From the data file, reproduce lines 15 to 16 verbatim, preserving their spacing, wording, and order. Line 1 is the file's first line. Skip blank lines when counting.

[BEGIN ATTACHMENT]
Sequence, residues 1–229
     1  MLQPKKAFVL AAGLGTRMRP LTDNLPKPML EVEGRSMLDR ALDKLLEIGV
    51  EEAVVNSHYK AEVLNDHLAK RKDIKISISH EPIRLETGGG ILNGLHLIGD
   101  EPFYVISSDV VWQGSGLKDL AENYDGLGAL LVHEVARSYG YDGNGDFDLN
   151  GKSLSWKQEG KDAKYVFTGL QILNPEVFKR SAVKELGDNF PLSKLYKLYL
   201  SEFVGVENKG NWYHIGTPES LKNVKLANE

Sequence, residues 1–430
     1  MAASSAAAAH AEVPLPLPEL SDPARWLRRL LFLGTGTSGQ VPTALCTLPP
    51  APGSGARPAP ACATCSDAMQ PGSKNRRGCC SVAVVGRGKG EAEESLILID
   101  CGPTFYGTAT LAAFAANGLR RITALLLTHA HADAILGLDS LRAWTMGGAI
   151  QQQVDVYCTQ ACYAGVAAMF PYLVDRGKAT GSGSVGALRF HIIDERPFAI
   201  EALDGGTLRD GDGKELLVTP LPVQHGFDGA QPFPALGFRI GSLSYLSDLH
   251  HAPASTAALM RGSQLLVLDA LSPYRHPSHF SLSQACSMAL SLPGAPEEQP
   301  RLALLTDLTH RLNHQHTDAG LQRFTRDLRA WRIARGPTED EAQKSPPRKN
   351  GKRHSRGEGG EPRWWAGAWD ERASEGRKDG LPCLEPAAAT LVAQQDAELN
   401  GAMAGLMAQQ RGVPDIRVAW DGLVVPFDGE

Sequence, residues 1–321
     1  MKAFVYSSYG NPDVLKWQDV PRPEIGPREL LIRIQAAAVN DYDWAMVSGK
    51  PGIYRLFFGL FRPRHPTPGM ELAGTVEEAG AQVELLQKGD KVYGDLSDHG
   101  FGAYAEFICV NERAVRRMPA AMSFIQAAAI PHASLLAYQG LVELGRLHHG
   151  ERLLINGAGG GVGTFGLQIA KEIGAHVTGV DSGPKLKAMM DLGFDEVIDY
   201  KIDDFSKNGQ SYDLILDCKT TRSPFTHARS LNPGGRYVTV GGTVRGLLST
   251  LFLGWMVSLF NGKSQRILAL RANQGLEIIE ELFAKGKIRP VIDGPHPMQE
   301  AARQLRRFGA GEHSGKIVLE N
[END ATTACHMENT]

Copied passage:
   351  GKRHSRGEGG EPRWWAGAWD ERASEGRKDG LPCLEPAAAT LVAQQDAELN
   401  GAMAGLMAQQ RGVPDIRVAW DGLVVPFDGE